THE SOUL'S CODE

IN SEARCH OF CHARACTER AND CALLING

What set of factors most influence the course of an individual human life? Nature? Nurture? The choices a person makes, including one's intimate relationships? Or is it the complex interplay of all of these? For Jungian analyst and prolific writer Hillman (Kinds of Power, 1995, etc.), the correct answer is apparently ``none of the above.'' Rather, Hillman focuses single-mindedly on each person's special daimon, an abstract, almost mystical notion lifted from Neoplatonic thought that he defines as ``an invisible nonhuman escort,'' and ``the lot your soul chose before you ever took a breath.'' This daimon, he argues, ``the essence'' or blueprint of each life, calls us to a very particular destiny, and it does not willingly suffer our neglect. In developing endless variations on this idea, he comes out sounding extraordinarily fatalistic, positing, for instance, that ``assassination was written in Gandhi's script.'' Thus, he largely downplays such basic aspects of the human condition as choice, conflict, ambivalence, chance, irrationality, and madness. And Hillman's intense focus on individuals and their unique fates means that the communal side of life, and specifically altruism and other positive social values, are also given little weight. Finally, as the following passage exemplifies, Hillman's prose often seems both confusingly bloated and maddeningly ethereal: ``I am different from everyone else and the same as everyone else; I am different from myself ten years ago and the same as myself ten years ago; my life is a stable chaos, chaotic and repetitive both, and I can never predict what tiny, trivial bit of input will result in a huge and significant output.'' This, and passages like it, are likely to leave many readers scratching their heads. This verbose book would have benefitted by being pruned into a stylistically far tighter essay, less declamatory and more reflective. (Author tour)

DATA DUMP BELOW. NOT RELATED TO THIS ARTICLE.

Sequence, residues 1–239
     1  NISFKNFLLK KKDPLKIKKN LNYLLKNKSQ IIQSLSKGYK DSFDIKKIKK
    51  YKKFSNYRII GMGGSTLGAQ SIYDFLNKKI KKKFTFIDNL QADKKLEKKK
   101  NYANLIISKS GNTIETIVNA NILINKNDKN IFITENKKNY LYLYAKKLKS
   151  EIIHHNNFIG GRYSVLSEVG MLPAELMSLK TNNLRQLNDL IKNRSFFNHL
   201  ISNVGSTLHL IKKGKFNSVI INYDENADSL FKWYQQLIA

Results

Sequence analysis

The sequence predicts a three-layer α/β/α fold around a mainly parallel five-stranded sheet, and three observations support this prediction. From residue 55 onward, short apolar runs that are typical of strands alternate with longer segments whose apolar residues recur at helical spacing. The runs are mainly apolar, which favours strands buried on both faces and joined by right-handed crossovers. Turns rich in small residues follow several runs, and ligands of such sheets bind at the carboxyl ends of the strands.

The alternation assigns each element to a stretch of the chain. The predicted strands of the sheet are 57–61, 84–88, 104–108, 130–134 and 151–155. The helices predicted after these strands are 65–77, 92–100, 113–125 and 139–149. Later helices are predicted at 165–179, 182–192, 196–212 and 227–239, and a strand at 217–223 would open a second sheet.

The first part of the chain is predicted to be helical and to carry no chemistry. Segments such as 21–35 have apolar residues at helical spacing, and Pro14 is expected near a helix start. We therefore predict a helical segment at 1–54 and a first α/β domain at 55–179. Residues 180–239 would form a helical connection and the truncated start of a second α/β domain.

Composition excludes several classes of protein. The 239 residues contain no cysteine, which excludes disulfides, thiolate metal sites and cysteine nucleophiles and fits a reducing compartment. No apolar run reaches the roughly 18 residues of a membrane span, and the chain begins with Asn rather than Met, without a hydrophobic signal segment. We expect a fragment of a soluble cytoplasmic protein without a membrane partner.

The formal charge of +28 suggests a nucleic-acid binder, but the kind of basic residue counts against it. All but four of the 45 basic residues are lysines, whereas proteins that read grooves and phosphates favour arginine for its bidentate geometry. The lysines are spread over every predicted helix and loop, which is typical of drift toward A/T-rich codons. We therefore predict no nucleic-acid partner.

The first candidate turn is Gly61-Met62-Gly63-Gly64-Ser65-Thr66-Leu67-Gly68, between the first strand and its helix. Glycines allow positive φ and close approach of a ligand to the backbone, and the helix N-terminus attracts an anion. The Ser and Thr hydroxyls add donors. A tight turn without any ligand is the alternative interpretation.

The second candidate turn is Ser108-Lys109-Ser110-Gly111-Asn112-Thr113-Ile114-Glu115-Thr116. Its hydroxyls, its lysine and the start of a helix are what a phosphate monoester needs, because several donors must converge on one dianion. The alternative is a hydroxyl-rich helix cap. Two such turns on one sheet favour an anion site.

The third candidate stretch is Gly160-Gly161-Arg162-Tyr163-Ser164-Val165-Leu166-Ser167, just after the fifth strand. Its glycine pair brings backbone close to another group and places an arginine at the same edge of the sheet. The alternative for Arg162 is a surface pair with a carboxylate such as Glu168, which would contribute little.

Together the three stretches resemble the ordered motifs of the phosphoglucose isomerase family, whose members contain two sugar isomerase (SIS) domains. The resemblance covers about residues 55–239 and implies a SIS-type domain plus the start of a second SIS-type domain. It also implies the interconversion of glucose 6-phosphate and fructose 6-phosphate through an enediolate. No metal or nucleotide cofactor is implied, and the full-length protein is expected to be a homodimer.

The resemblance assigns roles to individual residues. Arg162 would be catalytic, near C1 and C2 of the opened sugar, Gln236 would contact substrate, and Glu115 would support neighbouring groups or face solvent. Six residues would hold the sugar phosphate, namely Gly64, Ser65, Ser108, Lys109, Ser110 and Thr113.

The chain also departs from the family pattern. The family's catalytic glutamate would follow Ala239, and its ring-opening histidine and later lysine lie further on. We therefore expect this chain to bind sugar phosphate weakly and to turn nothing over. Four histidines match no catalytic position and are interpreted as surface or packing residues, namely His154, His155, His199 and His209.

Pub Date: Aug. 1, 1996

ISBN: 0-679-44522-6

Page Count: 352

Publisher: Random House

Review Posted Online: May 20, 2010

Kirkus Reviews Issue: June 1, 1996

Did you like this book?

No Comments Yet

The Stoics did much better with the much shorter Enchiridion.

THE LAWS OF HUMAN NATURE

A follow-on to the author’s garbled but popular 48 Laws of Power, promising that readers will learn how to win friends and influence people, to say nothing of outfoxing all those “toxic types” out in the world.